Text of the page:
This is the 10th year of Clayton Kershaw's major league career, which means that if he decided to go back home to Texas today and split the rest of his life between fatherhood and pingpong or philanthropy or other pursuits, he would be eligible for election into baseball’s Hall of Fame.
Without throwing another pitch, he would easily gain induction, and would be a candidate to become the first player to be picked unanimously, if Mariano Rivera doesn’t do it in 2019 or Derek Jeter in 2020. Because you can make a strong case that Kershaw is the best pitcher ever.
Adjusted ERA+ is a statistic designed to create context, to measure a player’s performance against the panorama of his time. It allows us to understand the weight of Pedro Martinez's dominance within the steroid era, or Cy Young's performance relative to peers in the dead ball era, or how good Lefty Grove was after the explosion of power and home runs that followed the rise of Babe Ruth.
Adjusted ERA+ cannot specifically account for every factor that affected pitchers, of course -- the segregation of the sport, which lasted until 1947; or the evolution of the strike zone; or the rise and fall in the height of the mound. But adjusted ERA+ accounts for the generational zigs and zags between pitching and hitting, and the highest-ranked pitcher in this metric is Rivera, who appeared in 1,115 games in his career -- all but 10 as a reliever.
The No. 1 starting pitcher in ERA+: Kershaw. And it’s not really that close.
1. Clayton Kershaw 160
2. Pedro Martinez 154
3. Jim Devlin (a 19th-century pitcher) 150
4. Lefty Grove 148
5. Walter Johnson 147
Kershaw has a career ERA of 2.35, and just about all the pitchers ahead of him on the all-time list of leaders were dead ball era pitchers. In fielding independent pitching, a metric designed to separate a pitcher’s performance from the defense behind him, he is tied for 27th all time, and he is the only active pitcher among the first 128. (Chris Sale is No. 129, and Madison Bumgarner is No. 170.)
Kershaw is second all time in WHIP (walks and hits per innings pitched) at 0.9996. The No. 1 pitcher on this list, Addie Joss, pitched in the first decade of the 20th century.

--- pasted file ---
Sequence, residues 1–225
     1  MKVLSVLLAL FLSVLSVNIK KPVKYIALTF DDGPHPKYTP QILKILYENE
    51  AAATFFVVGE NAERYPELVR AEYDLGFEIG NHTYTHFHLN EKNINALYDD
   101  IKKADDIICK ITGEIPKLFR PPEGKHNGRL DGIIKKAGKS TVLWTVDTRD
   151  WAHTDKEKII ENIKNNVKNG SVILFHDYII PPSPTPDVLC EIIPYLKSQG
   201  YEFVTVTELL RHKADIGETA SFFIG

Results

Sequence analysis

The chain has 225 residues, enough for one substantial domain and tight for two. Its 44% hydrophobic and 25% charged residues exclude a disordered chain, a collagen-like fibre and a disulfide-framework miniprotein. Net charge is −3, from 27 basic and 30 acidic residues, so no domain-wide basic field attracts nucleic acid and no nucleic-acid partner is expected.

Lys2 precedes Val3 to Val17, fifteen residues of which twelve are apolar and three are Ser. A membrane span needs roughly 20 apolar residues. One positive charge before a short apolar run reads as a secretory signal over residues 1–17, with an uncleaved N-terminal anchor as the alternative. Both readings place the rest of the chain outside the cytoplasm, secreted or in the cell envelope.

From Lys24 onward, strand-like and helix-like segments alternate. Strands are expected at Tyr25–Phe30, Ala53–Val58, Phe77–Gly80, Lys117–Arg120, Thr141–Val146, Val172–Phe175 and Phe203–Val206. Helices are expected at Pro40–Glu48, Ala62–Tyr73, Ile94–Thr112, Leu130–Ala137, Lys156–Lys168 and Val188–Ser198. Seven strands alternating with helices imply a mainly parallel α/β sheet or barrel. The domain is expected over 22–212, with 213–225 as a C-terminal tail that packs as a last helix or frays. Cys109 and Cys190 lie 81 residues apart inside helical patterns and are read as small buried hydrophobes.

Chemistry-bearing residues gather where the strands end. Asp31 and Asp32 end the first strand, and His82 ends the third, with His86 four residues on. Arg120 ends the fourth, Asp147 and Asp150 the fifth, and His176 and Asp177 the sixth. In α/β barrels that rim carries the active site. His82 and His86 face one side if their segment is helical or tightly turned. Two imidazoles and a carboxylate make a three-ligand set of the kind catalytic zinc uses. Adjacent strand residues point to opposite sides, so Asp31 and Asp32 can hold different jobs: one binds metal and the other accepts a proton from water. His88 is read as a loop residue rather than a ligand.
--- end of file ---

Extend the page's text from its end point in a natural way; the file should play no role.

So Kershaw is historically great in how many hits, walks and runs he allows per inning and per game, while pitching in a time in which the rate of home runs is climbing.
But he has also distinguished himself from his peers at a time when pitchers have never thrown harder. Twenty-five years ago, a pitcher who consistently threw in the low-to-mid 90 mph range with movement was unusual. This year, 79 of the 91 pitchers currently qualified for the ERA title have average fastball velocity of 90 mph or higher. There are 49 relievers who began Sunday with an average fastball velocity of at least 95 mph. Hall of Famer Bob Feller was thought to be among the very hardest throwers of his time, and in 1938 -- the first season in which he led the league in strikeouts per nine innings -- he averaged 7.8. In 2017, there are 46 pitchers with a higher rate of strikeouts per nine innings.
If you believe in baseball evolution -- in the impact of better nutrition and year-round physical training -- then you believe pitchers are bigger and stronger than ever, throwing harder than ever, and even within that context, Kershaw has completely separated himself. For four consecutive years he has led the National League in ERA -- and the last time his ERA was above 2.53 at the end of a season was 2011. He was limited to 149 innings by injury last year, but what he accomplished in those innings was extraordinary: 172 strikeouts and 11 walks, for a 15.64 strikeout-to-walk ratio. As Madison Bumgarner asked rhetorically early in the 2016 season: Are we watching the best ever at his best?
Bumgarner, of course, generated the greatest postseason performance ever in the 2014 playoffs, dominating while throwing more than twice as many innings as any pitcher. Kershaw has pitched in 18 games in the postseason, and in those, he has a 4.55 ERA. For some fans, that would be a disqualifier in the conversation about whether he is the best ever. He probably needs to drive the Dodgers to a championship to fully put that conversation behind him.